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Opinions of Sunday, 30 May 2010

Columnist: Agyeman, Harold

Your Friendly Weatherman

In 2004, the Parliament of Ghana ratified the Ghana Meteorological Agency Act (Act 682), which established the Ghana Meteorological Agency (GMA) in replacement of the Meteorological Services Department.

Act 682 empowered the GMA to among other functions, advise the government on meteorological matters, issue weather warnings for all manner of vessels (air, sea, etc.) and provide advice for agriculture, water and disaster management. The Act also established the arrangements, including budgetary allocations, for the operations of the premier meteorological service of the country.

It has been the expectation that with passage of the Act, the new, more empowered meteorological agency, with its operational autonomy, financial assertiveness, and clarity of focus would deliver better service to the country.

Regrettably, inadequate financing arrangements still continue to confront the GMA, as was attested by the Director-General of the Agency last year when he said that the Agency needed about US$3 million to purchase two advanced Doppler Radar to detect cloud movement to predict rainfall pattern in detail. As was stated by the Director-General “in the absence of the radar, the agency is using satellite imagery to predict rainfall pattern… The Doppler would help assess existing weather patterns every 15 minutes rather than providing long-term forecasts.”

Foreknowledge of the weather, whether short or long range, is critical to the success of many sectors of our nation. For instance, expected good rainfalls could lead to better farming practices with positive impacts redounding on inflation and the economy generally. Equally, expectations of dry, hot weather could lead to better planning for the generation and distribution of energy supplies in anticipation of higher usage of air conditioners, etc. Information on the weather is also good for commercial entities as it enables weather-conditioned products such as air conditioners, umbrellas, etc to be stocked for peak demand periods. The weather is thus one clear area where knowledge can translate into power – actions that yield fruitful results.

Therefore, the financing challenges aside, it can certainly be well argued that there are improvements that the Agency could provide to the stakeholder community, including the Ghanaian public of which I am a legitimate member, to enable us better improve our decisions and actions.

In this brief write-up I focus only on two.

First is the delivery of short-range weather-related information to the general public. I have for many years watched with great apprehension the weathermen, now women, of the GMA who partner with GTV for the weather segment of the news. The delivery is heavy and unnecessarily technical.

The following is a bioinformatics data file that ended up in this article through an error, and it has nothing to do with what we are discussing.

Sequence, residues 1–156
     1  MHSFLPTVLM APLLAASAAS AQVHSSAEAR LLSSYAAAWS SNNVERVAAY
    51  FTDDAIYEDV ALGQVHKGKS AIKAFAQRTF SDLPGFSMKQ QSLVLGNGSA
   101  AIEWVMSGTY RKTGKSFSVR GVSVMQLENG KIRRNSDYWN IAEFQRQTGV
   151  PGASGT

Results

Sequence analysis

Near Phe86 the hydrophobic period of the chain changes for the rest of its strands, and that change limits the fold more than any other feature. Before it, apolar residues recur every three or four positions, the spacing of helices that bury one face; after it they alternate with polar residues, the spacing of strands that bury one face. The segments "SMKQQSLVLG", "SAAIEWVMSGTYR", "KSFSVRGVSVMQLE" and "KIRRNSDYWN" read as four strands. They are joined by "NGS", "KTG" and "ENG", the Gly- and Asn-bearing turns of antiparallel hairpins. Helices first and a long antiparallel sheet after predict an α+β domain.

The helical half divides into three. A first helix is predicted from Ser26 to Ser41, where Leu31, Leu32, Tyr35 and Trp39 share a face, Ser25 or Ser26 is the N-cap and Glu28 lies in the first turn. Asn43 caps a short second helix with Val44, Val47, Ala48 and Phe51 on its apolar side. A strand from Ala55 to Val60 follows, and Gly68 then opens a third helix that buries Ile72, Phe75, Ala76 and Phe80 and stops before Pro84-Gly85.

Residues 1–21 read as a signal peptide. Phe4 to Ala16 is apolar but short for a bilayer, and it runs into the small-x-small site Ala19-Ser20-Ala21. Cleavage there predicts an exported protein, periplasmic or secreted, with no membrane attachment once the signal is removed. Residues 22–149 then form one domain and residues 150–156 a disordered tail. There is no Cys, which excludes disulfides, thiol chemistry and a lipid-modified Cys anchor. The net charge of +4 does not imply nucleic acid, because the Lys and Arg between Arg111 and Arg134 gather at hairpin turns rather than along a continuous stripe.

My suggestion is that the television delivery should be provided in a lighter and user-friendly manner. Also, I recommend that the degree of humidity expected to prevail in different parts of the country should be included, as its intensity changes the perceived heat or otherwise. Additionally, pro bono service through the daily papers should be implemented. I would further recommend that in these times of increased interaction in the West Africa region, the television weather service should provide information on weather conditions in key West African countries such as Togo, Benin, Nigeria, Cote d’Ivoire and Burkina Faso, among others.

Second, is the delivery of long-range weather-related information to farmers who are beneficiaries in the agriculture sector. In these times of erratic weather patterns, any aid to farmers in establishing some predictability with rainfall and other weather patterns is helpful. Knowing when to plant and when to harvest is key to success in farming, and it would be important for farmers to have knowledge of such matters in a timely manner.

With the prevalence of simple technologies such as mobile phones, and the abatement of traditional extension services by the Ministry of Food and Agriculture, innovative means such as the transmission of SMS to registered farmers on weather related information would seem an appropriate means to disseminate weather and other farming extension advice. In countries such as the United States where weather channels exist, dissemination is much easier. A technical meeting between the GMA, MOFA and the telecom companies would appear to be in order to draw up modalities for such a service.

Before concluding this piece, I would want to reiterate the urgency in equipping and modernising the Ghana Meteorological Agency to enable it deliver its short range and long range weather advice. The funding necessary for their work has to be raised, but even as that is done, innovative means of delivering weather service should be done, for, indeed, the importance of weather services to sectors such as agriculture, transportation, energy etc. is not in doubt.

Even as the weather remains cloudy, we predict clear skies in the days ahead.

Harold Agyeman Antoa, A/R